I submit this as a counter to the current language coming from some leaders who defame polity itself as being inherently “regulatory” and somehow constrictive to the creativity and relevance of the church’s work. We are told that we have to move away from a concern for polity — which they reduce to “governance” — and towards mission, as if the two were mutually exclusive. As if polity were repressive and inward-looking, and mission is when we reach out and engage the world.
In reality, the way we gather to discern the will of Christ,
reflect on our progress in discipleship,
and advise each other concerning how better and more effectively
to witness to God’s saving presence in the world,
is integral to our mission.
It is in fact the indispensable inward dimension of our mission.
We cannot with any integrity reach out and engage the world with Christ’s love
if we do not embody Christ’s love in the way we gather together.
We cannot reach a good goal by a bad process. The process is itself the goal. Thus we cannot become more inclusive, open, welcoming, diverse, and empowering, by adopting processes that are exclusive, closed, and allow power to accrue to a few highly paid leaders. It doesn’t matter what those leaders say; if in fact they are managing decision-making by manipulation, secrecy, playing favorites, excluding key people from conversations, and generally protecting their own lucrative positions, they are part of the problem.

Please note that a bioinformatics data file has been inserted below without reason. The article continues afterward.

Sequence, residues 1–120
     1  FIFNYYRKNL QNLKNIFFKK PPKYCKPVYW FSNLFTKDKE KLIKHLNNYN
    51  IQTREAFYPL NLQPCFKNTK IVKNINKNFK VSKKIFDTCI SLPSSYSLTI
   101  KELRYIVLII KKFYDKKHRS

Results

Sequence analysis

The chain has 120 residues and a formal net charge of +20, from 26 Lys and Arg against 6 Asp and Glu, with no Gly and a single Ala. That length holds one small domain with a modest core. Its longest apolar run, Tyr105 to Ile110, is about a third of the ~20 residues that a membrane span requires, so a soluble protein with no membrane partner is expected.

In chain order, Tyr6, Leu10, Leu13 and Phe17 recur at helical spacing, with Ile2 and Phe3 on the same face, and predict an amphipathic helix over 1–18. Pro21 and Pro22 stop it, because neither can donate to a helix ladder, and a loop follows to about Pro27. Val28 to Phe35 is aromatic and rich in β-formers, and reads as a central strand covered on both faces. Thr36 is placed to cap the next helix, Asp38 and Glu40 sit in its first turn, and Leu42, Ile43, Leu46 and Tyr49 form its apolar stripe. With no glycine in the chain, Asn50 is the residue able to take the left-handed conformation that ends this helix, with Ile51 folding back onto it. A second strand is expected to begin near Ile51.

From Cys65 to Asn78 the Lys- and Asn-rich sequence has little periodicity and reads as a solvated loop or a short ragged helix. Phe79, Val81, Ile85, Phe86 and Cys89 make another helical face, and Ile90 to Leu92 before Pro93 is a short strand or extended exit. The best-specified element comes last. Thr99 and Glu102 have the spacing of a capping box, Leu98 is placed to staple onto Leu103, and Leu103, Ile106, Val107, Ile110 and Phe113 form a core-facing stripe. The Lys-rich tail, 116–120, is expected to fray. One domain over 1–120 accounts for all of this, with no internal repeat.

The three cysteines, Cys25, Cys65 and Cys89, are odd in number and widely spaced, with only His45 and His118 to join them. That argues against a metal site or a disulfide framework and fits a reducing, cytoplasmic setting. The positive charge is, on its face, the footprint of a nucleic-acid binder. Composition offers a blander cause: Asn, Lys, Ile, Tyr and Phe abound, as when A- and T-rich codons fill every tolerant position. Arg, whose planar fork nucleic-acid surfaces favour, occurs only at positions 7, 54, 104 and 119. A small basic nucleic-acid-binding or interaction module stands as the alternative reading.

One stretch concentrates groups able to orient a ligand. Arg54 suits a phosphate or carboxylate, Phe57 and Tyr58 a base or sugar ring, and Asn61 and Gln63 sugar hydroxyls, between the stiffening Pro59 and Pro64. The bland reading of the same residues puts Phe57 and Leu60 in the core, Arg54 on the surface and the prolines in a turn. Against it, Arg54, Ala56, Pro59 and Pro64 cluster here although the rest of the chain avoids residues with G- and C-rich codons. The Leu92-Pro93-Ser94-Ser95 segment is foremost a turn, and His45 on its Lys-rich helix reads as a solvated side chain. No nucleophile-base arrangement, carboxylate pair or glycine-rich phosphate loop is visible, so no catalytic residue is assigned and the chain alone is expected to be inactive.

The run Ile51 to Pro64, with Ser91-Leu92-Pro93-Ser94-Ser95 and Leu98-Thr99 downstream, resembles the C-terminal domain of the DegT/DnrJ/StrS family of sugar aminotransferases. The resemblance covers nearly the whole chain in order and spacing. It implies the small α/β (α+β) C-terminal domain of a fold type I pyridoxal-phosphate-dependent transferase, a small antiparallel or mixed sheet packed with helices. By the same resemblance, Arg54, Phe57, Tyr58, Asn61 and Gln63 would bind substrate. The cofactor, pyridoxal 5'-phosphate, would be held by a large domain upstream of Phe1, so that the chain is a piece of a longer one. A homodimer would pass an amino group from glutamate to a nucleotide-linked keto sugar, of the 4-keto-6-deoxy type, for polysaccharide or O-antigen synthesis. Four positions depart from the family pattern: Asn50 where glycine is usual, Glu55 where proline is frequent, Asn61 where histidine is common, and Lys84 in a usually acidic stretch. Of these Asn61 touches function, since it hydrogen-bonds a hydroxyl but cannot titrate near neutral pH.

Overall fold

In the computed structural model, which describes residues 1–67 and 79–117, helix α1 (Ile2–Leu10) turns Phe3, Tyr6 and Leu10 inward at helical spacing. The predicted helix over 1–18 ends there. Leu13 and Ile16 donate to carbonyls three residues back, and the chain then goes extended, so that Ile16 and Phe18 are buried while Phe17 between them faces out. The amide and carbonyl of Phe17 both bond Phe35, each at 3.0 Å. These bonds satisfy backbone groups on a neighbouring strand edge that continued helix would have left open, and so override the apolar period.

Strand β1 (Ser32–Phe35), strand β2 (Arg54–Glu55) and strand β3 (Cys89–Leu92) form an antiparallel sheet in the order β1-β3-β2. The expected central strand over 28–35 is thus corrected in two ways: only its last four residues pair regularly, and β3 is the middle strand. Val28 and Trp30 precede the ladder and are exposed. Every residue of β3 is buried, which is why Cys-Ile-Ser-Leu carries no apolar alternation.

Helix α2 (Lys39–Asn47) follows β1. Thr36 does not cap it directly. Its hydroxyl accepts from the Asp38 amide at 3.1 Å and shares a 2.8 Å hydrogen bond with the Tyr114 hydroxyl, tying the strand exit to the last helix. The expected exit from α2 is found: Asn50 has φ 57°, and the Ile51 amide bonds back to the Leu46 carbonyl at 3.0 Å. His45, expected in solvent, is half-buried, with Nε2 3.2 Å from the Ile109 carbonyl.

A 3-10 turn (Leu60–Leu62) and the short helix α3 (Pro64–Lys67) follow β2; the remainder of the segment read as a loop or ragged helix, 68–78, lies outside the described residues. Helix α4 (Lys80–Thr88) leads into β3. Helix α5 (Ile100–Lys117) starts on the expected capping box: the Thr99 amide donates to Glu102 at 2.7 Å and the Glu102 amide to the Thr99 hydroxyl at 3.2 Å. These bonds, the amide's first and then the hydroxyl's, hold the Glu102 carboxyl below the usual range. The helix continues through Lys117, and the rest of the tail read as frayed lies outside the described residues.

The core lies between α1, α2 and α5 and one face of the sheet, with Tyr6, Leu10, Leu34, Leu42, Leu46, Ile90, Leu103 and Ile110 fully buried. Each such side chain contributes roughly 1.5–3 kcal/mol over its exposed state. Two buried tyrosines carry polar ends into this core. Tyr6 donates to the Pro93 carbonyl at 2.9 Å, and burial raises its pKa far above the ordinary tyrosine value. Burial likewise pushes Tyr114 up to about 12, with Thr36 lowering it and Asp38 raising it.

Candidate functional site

One of the organizations in our society that actually does work is A.A. In addition to modeling decentralized, leaderless processes based on a common need, they have a motto that we Presbyterians would do well to embrace: “It works if you work it.” Presbyterian polity works if we work it as well. And working it, that is, recovering the practices of openness, fairness, equality, honesty, and mutuality in our gatherings, recognizing that only Jesus Christ is our Head, and our main reason for gathering at all is to discern his will in this time and place, is part of our mission. It is part of what we display and offer to the world as an alternative to the power-driven, cut-throat, rat-race we are otherwise presented with.
In short, we cannot move authentically outward in mission
if our inward life is out of balance and even contradictory to our message.
In the churches I serve we regularly sing as a response the last verse of a hymn many of us know. It ends with the words, “And they’ll know we are Christians by our love, by our love, yes, they’ll know we are Christians by our love.” The first place we show that love is in the way we treat each other especially in our gathering together for discernment and decision-making. If we can witness to a model that is open, fair, welcoming, and responsive, we will be revealing something to the world that it sees almost nowhere else: a gathering that works well for healing, liberation, justice, and spiritual growth.